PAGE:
The users expect an omnichannel experience. Consider a simple traveler journey from flight shopping to the airport: Users search flights on the mobile app, continues flight booking process on the website, receives tickets over email, completes check-in on mobile app, receives boarding passes over email and mobile phone wallet, enquires about baggage allowance over chatbot (linked to the mobile app and/or website), asks specific questions using voice commands on the app, receives notifications about flight on the mobile app, books a taxi to the airport on the app and finally gets to the airport.

The above example is just one type of customer journey. Some users might book flights on the mobile app and perform other interactions on web/chatbot/email/toll free phone lines. The whole idea of plugging in the mobile app into the customer journey is not forceful in this context, rather the need of the hour because users *ARE MOBILE* most of the time.

What about Progressive Web Apps?

There is no denying that progressive web pages/apps, iOS app spotlight, Android app slices and other recent technologies are simplifying the complexities introduced by mobile apps (like download/install/uninstall hassle, offline availability etc). Having said that, one must note that newer technologies do not necessarily pre-empt older innovations all the time. Rather, some new technologies augment the value offered by older innovations and even take them to a higher level of value.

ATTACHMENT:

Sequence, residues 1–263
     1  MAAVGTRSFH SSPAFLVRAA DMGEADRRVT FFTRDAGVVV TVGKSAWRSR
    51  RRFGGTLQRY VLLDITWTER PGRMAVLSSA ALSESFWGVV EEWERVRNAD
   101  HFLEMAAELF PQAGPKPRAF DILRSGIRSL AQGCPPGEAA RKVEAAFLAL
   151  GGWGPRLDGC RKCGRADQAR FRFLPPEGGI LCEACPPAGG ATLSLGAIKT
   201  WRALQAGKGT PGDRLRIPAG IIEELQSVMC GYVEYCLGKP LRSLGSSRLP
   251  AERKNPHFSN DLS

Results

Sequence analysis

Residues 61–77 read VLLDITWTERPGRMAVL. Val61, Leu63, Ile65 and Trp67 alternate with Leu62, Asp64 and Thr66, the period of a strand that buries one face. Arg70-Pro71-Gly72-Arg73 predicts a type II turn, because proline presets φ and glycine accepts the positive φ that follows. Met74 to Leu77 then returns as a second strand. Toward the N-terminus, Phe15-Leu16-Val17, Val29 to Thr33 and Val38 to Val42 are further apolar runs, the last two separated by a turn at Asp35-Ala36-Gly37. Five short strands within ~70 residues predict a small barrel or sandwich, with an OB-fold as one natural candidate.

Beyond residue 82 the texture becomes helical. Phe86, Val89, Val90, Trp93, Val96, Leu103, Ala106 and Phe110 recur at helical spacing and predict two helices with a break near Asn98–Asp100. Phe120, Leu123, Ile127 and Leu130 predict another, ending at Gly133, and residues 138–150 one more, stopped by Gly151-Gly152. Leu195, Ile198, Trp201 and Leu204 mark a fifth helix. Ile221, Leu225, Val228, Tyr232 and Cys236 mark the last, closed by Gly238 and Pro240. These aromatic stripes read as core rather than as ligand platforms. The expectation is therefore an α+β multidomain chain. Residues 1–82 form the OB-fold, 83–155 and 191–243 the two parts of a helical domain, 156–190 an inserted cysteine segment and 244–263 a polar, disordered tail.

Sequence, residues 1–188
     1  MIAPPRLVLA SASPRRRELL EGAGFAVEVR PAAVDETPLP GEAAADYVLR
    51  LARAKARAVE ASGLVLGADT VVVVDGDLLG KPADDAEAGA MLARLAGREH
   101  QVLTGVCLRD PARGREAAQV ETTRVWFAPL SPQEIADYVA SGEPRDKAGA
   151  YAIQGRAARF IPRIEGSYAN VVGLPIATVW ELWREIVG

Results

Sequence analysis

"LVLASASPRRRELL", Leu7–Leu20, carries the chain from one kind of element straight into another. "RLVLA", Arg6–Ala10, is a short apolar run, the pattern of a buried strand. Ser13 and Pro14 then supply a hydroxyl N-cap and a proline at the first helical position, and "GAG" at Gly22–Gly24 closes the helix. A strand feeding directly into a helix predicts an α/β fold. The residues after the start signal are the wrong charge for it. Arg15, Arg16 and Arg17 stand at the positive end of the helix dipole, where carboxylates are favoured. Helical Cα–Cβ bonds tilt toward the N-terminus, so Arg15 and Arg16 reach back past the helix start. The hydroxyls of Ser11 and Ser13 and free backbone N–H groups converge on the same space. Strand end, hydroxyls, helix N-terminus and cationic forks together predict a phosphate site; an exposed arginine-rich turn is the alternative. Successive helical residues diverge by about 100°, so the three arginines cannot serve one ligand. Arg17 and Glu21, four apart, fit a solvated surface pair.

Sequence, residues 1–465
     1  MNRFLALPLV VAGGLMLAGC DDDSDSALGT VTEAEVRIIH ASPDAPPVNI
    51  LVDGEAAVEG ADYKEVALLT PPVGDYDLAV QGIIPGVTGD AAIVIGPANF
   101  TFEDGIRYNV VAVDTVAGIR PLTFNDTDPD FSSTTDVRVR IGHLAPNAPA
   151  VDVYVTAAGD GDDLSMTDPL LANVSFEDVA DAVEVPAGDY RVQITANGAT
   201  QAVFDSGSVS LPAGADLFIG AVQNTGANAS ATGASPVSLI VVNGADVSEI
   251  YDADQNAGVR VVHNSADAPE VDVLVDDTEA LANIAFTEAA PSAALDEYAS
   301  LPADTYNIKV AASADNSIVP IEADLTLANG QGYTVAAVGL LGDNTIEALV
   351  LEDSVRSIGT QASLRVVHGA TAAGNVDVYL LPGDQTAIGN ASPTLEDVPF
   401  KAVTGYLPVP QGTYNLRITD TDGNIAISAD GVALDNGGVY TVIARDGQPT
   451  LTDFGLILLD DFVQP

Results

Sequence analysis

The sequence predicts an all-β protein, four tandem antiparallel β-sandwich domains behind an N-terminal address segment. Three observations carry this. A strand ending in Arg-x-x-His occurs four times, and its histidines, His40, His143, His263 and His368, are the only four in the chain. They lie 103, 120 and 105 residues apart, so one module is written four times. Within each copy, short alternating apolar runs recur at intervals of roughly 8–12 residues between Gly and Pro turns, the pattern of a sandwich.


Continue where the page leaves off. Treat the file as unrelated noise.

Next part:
So, What's the Future for Mobile Apps

The future of mobile apps does not lie in adding to the existing trash pile of mobile apps in the market. The future lies in integrating mobile apps seamlessly into the daily lives so pervasively that they no longer need to be used by unlocking the phone, tapping on a few commands and waiting for them to respond. Take a look at this short video summarizing the work of the great David Rose.

The future I believe in does not rely on how many websites, mobile apps, chatbots or phone channels are stitched together to onboard more users and charge them.

The future I believe in makes technology SO HUMANE that we humans do not have to open a laptop to access a website, or unlock a mobile phone to access an app or put your mouth close to a hardware device and make orders.

The future I believe in works so seamlessly that it almost seems HUMAN without challenging me on my intellect, emotions or privacy.

Sadly, today, we have left ourselves far far behind!

Fortunately, we have some humane things happening around us. Stay tuned!

NOTE: I am talking about the future of mobile apps in my upcoming talk, "Enchanting Experiences - The Future of Mobile Apps" at Sydney. If you are in Sydney, then come say Hi at Test Bash Australia 2018. 

Is Sydney too far or too expensive? Take a look at an old version of this talk HERE